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PO Box 1070, Frankfort, KY 40602  Phone 502.875.2428, Fax 502.875.2845

Health Effects Committee of Louisville Air Quality Task Force Recommends Continuing Effort To Reduce Ozone Pollution Below Current Federal Standards  Posted: November 16, 2005
Louisville Metro Air Quality Task Force
Health Effect Committee
October 25, 2005

Health Effects at the Federal 8-Hour Ozone Standard
Report and Recommendation

Whereas, the Health Effects Committee of the Air Quality Task Force has received and reviewed a substantial body of evidence relating to the adverse health effects of ozone, and finds as follows:

1. The potential adverse health impacts of exposure to ozone air pollution are significant and include reduced pulmonary function, increased respiratory symptoms, airway hyperreactivity and airway inflammation, in addition to premature mortality, increased hospital admissions for cardiopulmonary causes, and exacerbation of bronchitis, asthma, and respiratory symptoms. The groups most at risk of experiencing adverse responses include children and adults who are active outdoors, and outdoor workers.

2. Controlled human exposure studies demonstrating decrements in pulmonary function, increased respiratory symptoms, increased airway reactivity and induction of airways inflammation in healthy and asthmatic adults exposed for 6.6 to 8 hours to 0.08 parts per million (ppm) ozone, suggest that the current U.S. Environmental Protection Agency 8-hour standard for ozone is not protective of human health with an adequate margin of safety, and that peak and average exposure values below the current 8-hour standard (0.084 ppm) should be achieved and not be exceeded.

3. The health benefits of reducing ozone from current levels to the adopted California standards for ozone (0.070 ppm 8-hour, 0.09 1-hour) are substantial, including reductions in premature deaths; reduced hospitalizations related to chronic obstructive pulmonary disease, cardiovascular disease, and other respiratory diseases, including bronchitis, and asthma; and reduction in statewide school absenteeism.

Therefore, it is recommended that the full Air Quality Task Force make this recommendation to the Air Pollution Control Board and to the legislative and executive branches of Metro Government:

1. The Air Quality Task Force recognizes that the Louisville 8-hour ozone nonattainment area is eligible for redesignation as being in attainment with the 8-hour ozone standard.

2. The Air Quality Task Force further recognizes that additional reductions below the current regulatory standard are both necessary and advisable to provide a margin of safety that allows for, and compensates for, scientific uncertainty, as well as the lack of precise predictions regarding the health impacts of air pollutants on a multiplicity of potentially susceptible subpopulations.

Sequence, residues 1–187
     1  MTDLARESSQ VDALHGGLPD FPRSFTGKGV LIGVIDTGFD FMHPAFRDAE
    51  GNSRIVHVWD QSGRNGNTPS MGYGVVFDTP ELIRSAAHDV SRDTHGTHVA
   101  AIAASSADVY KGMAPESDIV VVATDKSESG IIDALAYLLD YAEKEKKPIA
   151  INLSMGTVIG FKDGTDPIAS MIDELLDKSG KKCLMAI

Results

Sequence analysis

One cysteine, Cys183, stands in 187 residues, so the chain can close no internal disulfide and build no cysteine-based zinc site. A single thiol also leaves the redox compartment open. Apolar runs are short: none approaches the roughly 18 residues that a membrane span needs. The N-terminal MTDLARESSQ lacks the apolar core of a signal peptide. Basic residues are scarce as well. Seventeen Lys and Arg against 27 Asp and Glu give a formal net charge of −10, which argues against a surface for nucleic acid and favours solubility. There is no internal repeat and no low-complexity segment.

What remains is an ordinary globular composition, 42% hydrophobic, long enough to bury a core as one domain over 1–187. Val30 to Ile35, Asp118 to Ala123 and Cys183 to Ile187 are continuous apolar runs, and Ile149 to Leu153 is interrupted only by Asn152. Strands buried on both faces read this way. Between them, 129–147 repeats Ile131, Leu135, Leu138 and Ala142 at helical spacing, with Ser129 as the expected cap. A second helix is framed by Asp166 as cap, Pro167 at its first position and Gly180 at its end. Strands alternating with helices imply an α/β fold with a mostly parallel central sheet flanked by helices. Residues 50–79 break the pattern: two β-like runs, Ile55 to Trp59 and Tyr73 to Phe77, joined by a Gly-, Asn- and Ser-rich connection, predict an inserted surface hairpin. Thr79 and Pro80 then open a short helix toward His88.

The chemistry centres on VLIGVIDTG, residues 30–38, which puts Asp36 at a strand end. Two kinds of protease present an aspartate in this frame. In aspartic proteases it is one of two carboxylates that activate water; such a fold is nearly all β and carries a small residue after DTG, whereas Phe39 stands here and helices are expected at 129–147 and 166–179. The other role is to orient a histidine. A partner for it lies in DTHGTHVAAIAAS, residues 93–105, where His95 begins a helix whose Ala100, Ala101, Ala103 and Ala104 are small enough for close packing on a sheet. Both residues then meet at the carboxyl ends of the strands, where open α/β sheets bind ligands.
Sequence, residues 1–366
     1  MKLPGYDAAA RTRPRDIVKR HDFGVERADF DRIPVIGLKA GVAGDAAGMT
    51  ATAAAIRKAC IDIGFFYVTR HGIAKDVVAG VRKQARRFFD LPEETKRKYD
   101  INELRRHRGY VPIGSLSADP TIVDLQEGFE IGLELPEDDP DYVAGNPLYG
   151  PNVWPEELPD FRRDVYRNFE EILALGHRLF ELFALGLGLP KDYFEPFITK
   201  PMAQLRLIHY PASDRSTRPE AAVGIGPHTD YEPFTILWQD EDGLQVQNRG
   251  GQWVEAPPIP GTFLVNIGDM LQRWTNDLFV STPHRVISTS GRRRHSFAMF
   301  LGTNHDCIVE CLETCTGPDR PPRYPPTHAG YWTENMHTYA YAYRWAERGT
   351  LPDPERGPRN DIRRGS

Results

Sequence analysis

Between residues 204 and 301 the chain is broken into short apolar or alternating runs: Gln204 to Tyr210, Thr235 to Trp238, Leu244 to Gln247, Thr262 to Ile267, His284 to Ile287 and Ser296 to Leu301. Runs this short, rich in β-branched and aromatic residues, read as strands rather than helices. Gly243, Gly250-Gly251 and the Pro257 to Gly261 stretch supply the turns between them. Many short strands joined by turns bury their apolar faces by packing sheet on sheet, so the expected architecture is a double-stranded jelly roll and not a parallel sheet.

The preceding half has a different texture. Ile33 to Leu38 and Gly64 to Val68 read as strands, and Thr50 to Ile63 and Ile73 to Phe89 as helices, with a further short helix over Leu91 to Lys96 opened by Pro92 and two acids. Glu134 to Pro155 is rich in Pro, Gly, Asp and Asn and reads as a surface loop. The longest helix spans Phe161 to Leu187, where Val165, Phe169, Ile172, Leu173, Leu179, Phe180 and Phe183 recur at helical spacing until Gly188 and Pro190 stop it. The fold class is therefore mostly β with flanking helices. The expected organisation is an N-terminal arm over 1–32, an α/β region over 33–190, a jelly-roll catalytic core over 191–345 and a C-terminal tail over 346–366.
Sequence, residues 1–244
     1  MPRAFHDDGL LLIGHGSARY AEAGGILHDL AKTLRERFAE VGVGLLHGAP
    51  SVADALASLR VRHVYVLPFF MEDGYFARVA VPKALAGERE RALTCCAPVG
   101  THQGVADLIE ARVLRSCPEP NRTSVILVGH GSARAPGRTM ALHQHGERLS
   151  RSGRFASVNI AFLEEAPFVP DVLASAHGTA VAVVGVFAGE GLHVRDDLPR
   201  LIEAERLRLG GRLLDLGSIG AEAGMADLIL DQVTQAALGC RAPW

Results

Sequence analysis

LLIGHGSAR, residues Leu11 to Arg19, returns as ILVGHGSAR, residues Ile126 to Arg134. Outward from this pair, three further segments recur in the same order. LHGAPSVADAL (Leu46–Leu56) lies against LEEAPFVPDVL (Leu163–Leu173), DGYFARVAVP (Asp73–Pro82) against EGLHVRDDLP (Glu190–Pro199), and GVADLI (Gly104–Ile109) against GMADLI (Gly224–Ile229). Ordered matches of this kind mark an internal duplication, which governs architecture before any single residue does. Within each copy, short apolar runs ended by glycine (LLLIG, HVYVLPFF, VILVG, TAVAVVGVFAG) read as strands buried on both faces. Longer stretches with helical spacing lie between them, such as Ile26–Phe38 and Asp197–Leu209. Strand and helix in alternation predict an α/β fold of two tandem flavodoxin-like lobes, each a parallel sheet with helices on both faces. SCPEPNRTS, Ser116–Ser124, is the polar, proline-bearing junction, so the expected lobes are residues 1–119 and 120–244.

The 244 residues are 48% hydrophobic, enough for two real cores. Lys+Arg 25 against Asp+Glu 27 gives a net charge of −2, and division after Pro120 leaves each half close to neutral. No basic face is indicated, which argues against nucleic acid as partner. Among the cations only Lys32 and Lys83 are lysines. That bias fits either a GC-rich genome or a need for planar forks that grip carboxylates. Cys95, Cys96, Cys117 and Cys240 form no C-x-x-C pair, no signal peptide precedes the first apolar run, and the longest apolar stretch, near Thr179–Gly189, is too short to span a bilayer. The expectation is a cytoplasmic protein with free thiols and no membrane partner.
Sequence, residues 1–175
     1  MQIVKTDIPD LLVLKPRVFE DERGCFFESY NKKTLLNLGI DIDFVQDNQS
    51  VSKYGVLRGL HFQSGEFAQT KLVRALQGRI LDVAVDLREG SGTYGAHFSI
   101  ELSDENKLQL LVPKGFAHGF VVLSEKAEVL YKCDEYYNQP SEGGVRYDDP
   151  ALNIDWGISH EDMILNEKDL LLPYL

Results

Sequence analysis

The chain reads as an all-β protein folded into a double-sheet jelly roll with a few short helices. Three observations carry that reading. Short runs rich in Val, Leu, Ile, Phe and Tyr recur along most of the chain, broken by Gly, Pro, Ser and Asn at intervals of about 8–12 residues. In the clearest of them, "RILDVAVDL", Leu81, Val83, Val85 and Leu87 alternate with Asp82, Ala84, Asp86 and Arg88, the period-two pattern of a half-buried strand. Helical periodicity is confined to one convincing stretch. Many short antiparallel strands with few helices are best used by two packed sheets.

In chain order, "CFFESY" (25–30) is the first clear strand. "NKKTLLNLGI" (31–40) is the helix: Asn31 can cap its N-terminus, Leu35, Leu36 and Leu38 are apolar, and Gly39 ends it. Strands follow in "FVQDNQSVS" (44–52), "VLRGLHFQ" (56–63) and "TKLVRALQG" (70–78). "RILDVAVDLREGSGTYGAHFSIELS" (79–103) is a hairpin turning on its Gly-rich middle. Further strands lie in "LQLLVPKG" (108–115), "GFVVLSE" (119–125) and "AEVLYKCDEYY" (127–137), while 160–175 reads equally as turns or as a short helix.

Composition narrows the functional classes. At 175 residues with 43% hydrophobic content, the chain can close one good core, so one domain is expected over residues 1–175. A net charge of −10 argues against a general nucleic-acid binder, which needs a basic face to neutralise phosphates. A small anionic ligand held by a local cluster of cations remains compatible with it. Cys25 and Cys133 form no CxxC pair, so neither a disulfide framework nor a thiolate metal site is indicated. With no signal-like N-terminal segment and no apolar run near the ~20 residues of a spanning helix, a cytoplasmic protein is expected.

3. For these reasons, and to protect public health with an adequate margin of safety, the Air Quality Task Force recommends that the Air Pollution Control Board establish an ongoing and continuous process of review of all sources and categories of ozone precursor emissions, and develop and implement policies, practices, and standards to continue progress towards reduction in ambient concentrations of ozone and precursor pollutants. In the development of such policies, practices, and standards, strategies that also achieve lower emissions of fine particulates, fine particulate precursors, or hazardous air pollutants should be prioritized.

4. Recognizing the regional nature of air quality in the Louisville area, the Air Quality Task Force recommends that the Air Pollution Control Board encourage the Kentucky Division for Air Quality and the Indiana Department of Environmental Management to take congruent and complimentary actions to reduce ambient concentrations of ozone and precursor pollutants.

5. The Air Quality Task Force further advises that it has begun a process of reviewing and refining a list of strategies to achieve such additional reductions or to moderate growth in precursor emissions and to identify those areas in which reductions achieving multiple public health and air quality improvement endpoints are possible.


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